Billionaire Republican donor Charles Koch criticizes a “two-tiered tax system”
which he says provides “corporate welfare” and subsidizes the wealthy.
Let’s get one thing straight: Corporate welfare only occurs when the government forcibly takes from one group of taxpayers and gives to another group. Government subsidies for “green energy” companies constitute corporate welfare. A government bailout of a poorly-run automobile company is corporate welfare.
All bailouts are corporate welfare.
Individuals or companies — rich or not — that take advantage of legal tax loopholes are not receiving corporate welfare. They are merely holding on to some of their rightfully earned income. Of course, it’s not surprising to hear the very politicians who exploit “us-against-them” class warfare, such as Barack Obama, Bernie Sanders, and Hillary Clinton utter such things.
But it’s a bit disappointing to find a supposed advocate of the free market and limited government such as Charles Koch doing so. This confusion probably extends to whatever twisted rationale he is invoking when he suggests that Hillary Clinton would be a better president than any of the remaining GOP candidates.
To use the old Communist analogy that all nations would eventually adopt their ways: “another domino falls.” Communism may be in the ash heap of history, but the ideas underlying Communism, such as hostility toward capitalism and the system of wealth creation, appear to have taken over both the political left and right.
Koch opines that the U.S. has to “get rid of all” tax breaks. “I don’t hear any of the Republican candidates talking about this two-tiered system and getting rid of it. So that’s why we haven’t supported any of them,” he complains.
Tax breaks are a form of relief that politicians provide to overtaxed businesspeople; the rich as well as the middle class.
America heaps the planet’s highest corporate taxes on top of income taxes, capital gains taxes, and a host of invisible taxes that are part of government regulation. A better way to provide relief would be to cut taxes across the board, which means doing something that no politician, including Ronald Reagan, has proposed to date: Massive cuts in government.
The only way to do that is to confront the biggest problems of all: Social Security, Medicare, and Medicaid. Unless or until these programs are set on a path to privatization, there’s nothing the government can do to bring itself under control.
Why doesn’t the very, very rich Charles Koch complain about this, instead of acting like “tax breaks for the rich” are the biggest threat facing America; compounding laughable disingenuousness with plain old ignorance.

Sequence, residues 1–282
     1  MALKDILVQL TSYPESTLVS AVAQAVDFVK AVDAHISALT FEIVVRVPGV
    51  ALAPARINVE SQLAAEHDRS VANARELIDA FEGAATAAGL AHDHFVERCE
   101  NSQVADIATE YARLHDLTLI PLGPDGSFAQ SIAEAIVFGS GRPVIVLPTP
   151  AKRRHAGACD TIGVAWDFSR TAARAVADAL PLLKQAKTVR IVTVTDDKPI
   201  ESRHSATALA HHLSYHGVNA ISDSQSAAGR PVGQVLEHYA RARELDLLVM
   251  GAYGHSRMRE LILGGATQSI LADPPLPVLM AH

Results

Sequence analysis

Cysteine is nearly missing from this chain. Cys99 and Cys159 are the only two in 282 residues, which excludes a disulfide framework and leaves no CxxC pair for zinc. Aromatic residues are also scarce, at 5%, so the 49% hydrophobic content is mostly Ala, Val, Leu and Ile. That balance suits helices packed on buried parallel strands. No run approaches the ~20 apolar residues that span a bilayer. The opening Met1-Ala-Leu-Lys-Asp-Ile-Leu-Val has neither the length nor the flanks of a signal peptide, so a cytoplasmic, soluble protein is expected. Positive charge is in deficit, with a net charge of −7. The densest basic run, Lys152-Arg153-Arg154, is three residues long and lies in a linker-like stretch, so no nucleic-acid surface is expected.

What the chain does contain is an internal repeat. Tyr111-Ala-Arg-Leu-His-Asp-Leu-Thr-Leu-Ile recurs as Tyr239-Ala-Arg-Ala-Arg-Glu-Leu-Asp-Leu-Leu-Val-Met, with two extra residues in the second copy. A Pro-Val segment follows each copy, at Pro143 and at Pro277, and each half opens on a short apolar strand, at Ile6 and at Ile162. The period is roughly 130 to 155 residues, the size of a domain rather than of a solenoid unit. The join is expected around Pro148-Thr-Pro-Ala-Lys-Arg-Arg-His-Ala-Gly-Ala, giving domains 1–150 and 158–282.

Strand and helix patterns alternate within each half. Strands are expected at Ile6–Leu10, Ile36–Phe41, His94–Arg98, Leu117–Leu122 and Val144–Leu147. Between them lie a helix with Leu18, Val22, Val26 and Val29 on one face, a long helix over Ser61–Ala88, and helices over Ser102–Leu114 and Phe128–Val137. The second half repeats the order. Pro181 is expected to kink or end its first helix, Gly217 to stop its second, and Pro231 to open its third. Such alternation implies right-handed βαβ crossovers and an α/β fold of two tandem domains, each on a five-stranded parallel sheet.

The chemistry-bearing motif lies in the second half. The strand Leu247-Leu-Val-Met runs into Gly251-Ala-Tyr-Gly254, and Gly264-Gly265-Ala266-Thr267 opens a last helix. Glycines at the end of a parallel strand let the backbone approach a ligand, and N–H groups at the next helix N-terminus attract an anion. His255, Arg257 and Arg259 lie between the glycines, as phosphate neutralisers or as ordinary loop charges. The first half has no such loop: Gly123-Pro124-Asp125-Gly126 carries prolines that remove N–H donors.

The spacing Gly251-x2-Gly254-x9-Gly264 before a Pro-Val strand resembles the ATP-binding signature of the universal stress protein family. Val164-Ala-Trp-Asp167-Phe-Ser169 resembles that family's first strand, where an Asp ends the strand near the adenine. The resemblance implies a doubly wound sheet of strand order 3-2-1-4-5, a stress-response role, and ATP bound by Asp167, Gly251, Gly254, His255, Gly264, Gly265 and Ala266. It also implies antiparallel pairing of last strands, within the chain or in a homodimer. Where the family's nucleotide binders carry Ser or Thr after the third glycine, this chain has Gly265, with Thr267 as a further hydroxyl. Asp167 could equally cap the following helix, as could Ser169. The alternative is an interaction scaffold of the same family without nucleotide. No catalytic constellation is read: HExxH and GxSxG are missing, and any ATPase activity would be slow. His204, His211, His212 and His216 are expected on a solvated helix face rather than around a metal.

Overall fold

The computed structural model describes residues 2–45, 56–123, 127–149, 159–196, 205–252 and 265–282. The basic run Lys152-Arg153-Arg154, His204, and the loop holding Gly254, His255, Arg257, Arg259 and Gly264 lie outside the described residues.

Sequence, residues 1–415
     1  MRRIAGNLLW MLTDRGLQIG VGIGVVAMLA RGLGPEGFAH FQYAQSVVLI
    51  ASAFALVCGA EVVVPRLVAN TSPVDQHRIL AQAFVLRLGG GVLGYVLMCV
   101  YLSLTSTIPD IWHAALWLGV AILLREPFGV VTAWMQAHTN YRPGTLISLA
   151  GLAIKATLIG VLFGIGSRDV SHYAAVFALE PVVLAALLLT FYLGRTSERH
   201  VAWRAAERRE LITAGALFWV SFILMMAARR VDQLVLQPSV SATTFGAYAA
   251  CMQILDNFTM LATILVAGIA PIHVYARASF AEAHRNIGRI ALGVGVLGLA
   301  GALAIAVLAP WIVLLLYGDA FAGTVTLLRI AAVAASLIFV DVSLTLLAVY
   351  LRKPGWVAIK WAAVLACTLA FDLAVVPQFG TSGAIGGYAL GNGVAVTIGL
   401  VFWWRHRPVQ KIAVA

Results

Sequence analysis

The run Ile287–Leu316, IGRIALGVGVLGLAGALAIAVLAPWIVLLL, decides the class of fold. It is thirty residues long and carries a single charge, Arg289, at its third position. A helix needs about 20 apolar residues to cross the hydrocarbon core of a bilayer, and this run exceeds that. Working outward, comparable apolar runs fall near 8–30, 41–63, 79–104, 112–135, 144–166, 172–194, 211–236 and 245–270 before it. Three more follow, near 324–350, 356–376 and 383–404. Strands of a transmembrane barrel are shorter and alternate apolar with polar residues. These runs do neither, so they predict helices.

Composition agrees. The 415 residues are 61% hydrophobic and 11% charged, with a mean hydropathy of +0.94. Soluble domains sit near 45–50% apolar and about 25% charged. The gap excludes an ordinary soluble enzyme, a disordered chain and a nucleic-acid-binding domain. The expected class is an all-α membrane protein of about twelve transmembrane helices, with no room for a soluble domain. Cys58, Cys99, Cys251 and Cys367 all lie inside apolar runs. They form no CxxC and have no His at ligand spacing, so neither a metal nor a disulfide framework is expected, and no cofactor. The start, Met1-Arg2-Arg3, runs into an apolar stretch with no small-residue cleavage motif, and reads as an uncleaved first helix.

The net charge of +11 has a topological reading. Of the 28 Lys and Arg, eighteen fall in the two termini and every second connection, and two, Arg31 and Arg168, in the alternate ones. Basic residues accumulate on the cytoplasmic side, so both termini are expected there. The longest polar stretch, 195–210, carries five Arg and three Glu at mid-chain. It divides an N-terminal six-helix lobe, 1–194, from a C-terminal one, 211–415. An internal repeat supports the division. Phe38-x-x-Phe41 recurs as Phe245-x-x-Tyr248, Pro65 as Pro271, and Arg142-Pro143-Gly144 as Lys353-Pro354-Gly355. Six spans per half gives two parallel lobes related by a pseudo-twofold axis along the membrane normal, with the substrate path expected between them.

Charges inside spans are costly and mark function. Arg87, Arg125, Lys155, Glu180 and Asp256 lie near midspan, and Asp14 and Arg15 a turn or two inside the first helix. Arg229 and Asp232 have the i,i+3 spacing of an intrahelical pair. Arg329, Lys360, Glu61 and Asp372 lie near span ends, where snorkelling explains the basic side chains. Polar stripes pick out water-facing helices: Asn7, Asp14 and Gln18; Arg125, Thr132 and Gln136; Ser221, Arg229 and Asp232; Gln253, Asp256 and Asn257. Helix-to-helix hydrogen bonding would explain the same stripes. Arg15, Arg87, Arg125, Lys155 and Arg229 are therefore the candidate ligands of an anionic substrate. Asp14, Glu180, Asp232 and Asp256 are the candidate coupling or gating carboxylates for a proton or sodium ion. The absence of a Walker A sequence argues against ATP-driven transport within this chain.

It’s easy to complain about the rich. If only “the rich” didn’t have a two-tiered tax system, we’re told, then everything would be well. How, exactly? If we impose even more of a burden on “the rich” (which includes a sizable number of middle-income earners); taxing and regulating the private economy to a painful standstill, we’re only hastening the end of economic growth and innovation.
Once the poster child for leftist hatred, Koch now spouts the Obama-Hillary Clinton line on foreign policy as well. He whines that Trump’s proposal to create a register of Muslims in America is “reminiscent of Nazi Germany. I mean, that’s monstrous.”
Regarding Cruz’ suggestion to carpet-bomb terrorist strongholds in the Middle East, Koch continues: “I mean, that a candidate, whether they believe it or not, would think that appeals to the American people, that is frightening.”
But what about the brutal slaughter of innocents perpetrated by Muslim organizations every day? Do 9/11, Paris, San Bernardino, and all the other attacks yet to come not qualify as monstrous?
You don’t have to agree with Trump’s or Cruz’ specific proposals, but why does the suddenly delicate Mr. Koch find it “frightening” to talk about dropping bombs on ISIS when they stand ready to behead every infidel on the planet?
In what hole is this man living?
Charles Koch is an amazingly capable individual who earned his great wealth.
He used to stand for good ideas. It’s a sad spectacle to watch him cave to the legions of wealthy people who can afford to vilify the very ideals that made their wealth and productivity possible.
Michael J. Hurd, Ph.D., LCSW is a psychotherapist and author with a private practice in coastal Delaware. He is the author of “Bad Therapy, Good Therapy (and How to Tell the Difference).” For more of his reports, Go Here Now.
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